Joseph Kanon paints another nuanced thriller, this time with the ancient city of Istanbul as background, in Istanbul Passage (Atria $26.95) in an evening in our Books at the Biltmore program with fellow author Linda Fairtstein Our event will be in the GOLD ROOM at the fabulous Arizona Biltmore and kicks off a Poisoned Pen Conference continuing on Friday July 13.
For details on our July 13 Conference, click on July 13: 7 authors, 9:30 AM-4:30 PM, buffet lunch
The Kanon/Fairstein event is free, we only ask that all books to be signed be purchased from The Poisoned Pen or at the event. No registration is required
Doors open 6 PM. Program at 7 PM
Cash Bar and Buffet. Free valet parking ($2 tip appreciated)
Click here to order.
Joseph Kanon was born in Pennsylvania and was educated at Harvard and Trinity College, Cambridge (U.K.).
While still an undergraduate at Harvard, he began a career in publishing as a reader for The Atlantic and subsequently held editorial positions at The Saturday Review, Little,Brown, and Coward, McCann. Executive positions followed: President and CEO of E.P. Dutton and Snr. Vice-President and Head of Trade and Reference Publishing at Houghton Mifflin.
In 1995, on a visit to the Southwest, he visited Los Alamos and conceived the ideal for a novel about the Manhattan Project. Los Alamos, published in 1997 was a best-seller, translated into 20 languages, and won the Edgar Award for best first novel. Now a full-time writer, he followed it with The Prodigal Spy (’98), The Good German (’01), Alibi (’05), and Stardust.
In 2005, The Good German was made into a film with George Clooney and Cate Blanchett, directed by Steven Soderbergh.
That same year Kanon won the Hammett Award of the International Association of Crime Writers for Alibi and in 2007 was given The Anne Frank Human Writes Award by The Anne Frank Foundation for his writings on the aftermath of the Holocaust.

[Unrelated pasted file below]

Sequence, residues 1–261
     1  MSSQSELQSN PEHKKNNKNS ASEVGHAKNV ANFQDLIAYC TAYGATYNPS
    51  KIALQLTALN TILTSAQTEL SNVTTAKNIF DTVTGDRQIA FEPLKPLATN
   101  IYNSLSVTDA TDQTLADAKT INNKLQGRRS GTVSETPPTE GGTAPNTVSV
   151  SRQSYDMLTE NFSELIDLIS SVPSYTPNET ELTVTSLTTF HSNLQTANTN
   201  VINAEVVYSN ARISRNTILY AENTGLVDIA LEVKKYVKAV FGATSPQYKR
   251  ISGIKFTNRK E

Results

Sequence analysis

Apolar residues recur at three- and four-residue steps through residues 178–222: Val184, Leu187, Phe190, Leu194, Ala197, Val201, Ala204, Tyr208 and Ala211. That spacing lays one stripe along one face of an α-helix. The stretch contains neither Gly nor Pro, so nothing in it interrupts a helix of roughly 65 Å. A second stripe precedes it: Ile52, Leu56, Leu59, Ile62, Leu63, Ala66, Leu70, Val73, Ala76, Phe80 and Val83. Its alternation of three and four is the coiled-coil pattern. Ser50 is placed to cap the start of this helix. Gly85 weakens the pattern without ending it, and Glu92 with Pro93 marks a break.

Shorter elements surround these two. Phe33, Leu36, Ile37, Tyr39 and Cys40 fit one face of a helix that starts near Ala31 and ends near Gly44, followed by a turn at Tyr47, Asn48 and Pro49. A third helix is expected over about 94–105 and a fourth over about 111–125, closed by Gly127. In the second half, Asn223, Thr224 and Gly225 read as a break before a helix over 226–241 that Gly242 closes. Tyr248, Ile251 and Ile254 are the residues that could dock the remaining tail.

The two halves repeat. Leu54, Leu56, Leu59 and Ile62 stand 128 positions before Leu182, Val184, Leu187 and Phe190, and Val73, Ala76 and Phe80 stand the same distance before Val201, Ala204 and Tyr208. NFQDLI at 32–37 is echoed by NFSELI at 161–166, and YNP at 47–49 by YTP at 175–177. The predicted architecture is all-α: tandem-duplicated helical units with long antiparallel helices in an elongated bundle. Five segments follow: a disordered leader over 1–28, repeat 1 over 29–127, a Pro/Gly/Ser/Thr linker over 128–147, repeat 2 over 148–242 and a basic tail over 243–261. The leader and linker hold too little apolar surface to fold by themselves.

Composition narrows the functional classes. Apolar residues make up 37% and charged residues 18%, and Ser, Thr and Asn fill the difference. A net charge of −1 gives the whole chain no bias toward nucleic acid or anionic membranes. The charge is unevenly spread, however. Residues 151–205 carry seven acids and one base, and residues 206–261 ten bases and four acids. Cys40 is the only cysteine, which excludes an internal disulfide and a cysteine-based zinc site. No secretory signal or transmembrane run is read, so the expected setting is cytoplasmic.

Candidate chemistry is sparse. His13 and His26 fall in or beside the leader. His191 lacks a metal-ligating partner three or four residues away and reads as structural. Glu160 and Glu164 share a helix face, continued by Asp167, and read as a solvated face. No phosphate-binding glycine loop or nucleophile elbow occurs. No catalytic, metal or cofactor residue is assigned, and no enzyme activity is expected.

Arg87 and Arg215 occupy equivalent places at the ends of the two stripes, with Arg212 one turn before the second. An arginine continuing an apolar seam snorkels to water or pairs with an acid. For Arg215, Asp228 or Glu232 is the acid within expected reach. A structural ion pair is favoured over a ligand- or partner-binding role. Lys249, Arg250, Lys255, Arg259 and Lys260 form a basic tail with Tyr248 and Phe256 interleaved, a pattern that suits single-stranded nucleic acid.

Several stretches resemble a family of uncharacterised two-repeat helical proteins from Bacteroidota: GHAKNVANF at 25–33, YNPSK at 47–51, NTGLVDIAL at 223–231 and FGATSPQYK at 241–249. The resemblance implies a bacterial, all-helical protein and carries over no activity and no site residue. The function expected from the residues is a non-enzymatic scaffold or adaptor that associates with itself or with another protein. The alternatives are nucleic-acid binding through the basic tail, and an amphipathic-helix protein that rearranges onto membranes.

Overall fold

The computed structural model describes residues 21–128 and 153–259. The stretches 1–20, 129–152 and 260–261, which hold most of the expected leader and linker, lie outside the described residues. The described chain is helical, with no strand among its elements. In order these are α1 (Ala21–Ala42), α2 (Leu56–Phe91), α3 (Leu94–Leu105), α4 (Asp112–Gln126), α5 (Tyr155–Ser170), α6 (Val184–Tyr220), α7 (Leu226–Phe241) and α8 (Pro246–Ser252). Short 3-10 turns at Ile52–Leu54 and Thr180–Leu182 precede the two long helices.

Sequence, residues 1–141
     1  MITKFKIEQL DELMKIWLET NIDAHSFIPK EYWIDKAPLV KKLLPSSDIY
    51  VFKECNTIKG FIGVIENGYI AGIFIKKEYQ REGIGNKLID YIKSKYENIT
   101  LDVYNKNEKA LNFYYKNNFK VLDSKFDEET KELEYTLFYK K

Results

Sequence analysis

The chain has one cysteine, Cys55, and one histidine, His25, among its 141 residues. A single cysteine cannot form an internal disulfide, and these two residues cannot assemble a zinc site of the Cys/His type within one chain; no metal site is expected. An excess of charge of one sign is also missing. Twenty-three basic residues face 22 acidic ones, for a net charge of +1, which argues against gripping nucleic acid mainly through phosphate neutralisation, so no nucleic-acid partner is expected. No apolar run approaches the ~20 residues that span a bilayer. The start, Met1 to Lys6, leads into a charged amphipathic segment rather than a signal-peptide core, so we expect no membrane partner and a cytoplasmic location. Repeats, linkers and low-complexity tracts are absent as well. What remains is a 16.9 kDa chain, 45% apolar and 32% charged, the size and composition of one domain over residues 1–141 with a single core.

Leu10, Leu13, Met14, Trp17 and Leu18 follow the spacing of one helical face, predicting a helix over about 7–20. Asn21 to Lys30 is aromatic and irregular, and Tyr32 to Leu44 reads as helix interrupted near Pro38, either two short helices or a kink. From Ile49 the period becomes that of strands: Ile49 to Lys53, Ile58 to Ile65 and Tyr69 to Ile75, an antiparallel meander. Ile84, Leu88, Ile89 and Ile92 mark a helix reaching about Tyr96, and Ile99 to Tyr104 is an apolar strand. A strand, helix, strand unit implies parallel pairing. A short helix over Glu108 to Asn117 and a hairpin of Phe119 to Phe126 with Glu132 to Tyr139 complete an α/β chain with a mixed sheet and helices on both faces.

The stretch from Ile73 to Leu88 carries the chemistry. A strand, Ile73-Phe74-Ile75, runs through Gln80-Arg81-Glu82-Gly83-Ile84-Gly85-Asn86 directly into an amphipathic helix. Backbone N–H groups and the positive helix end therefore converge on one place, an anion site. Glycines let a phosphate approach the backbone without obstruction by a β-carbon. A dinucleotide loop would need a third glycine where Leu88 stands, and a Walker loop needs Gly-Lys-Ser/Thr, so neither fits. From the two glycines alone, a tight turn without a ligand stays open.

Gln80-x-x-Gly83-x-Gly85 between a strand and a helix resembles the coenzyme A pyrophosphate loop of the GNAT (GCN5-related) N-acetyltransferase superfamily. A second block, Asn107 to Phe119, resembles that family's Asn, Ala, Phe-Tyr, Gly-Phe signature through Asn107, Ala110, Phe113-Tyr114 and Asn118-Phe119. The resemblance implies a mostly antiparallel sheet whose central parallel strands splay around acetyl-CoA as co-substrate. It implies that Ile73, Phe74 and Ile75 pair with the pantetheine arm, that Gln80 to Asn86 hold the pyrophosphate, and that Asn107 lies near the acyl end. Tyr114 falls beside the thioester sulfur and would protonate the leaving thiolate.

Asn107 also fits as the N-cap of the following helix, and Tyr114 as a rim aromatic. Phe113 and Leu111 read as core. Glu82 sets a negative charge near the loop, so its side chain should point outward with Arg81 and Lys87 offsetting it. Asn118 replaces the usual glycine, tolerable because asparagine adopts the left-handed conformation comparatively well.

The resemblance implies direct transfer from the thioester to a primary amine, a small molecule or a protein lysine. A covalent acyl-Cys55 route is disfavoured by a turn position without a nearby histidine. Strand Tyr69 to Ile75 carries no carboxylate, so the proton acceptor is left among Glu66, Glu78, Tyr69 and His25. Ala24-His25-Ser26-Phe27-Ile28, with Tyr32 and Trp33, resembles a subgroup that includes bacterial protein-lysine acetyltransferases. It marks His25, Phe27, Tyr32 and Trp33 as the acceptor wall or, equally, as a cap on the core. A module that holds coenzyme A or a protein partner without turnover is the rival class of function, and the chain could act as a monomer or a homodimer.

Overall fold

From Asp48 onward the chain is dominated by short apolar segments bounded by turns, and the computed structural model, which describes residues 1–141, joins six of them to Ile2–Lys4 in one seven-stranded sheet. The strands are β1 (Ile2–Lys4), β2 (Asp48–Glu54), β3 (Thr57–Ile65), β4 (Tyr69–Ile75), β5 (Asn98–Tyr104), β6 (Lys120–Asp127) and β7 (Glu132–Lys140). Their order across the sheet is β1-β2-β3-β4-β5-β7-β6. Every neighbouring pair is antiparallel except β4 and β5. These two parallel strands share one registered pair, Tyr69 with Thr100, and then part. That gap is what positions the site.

Joe lives in New York with his wife, literary agent Robin Straus. They have two sons.
From the acclaimed, bestselling author of Stardust, The Good German, and Los Alamos—a gripping tale of an American undercover agent in 1945 Istanbul who descends into the murky cat-and-mouse world of compromise and betrayal that will come to define the entire post-war era.
A neutral capital straddling Europe and Asia, Istanbul has spent the war as a magnet for refugees and spies. Even American businessman Leon Bauer has been drawn into this shadow world, doing undercover odd jobs and courier runs for the Allied war effort. Now as the espionage community begins to pack up and an apprehensive city prepares for the grim realities of post-war life, he is given one more assignment, a routine job that goes fatally wrong, plunging him into a tangle of intrigue and moral confusion.
Played out against the bazaars and mosques and faded mansions of this knowing, ancient Ottoman city, Leon’s attempt to save one life leads to a desperate manhunt and a maze of shifting loyalties that threatens his own. How do you do the right thing when there are only bad choices to make? Istanbul Passage is the story of a man swept up in the aftermath of war, an unexpected love affair, and a city as deceptive as the calm surface waters of the Bosphorus that divides it.
Rich with atmosphere and period detail, Joseph Kanon’s latest novel flawlessly blends fact and fiction into a haunting thriller about the dawn of the Cold War, once again proving why Kanon has been hailed as the “heir apparent to Graham Greene” (The Boston Globe).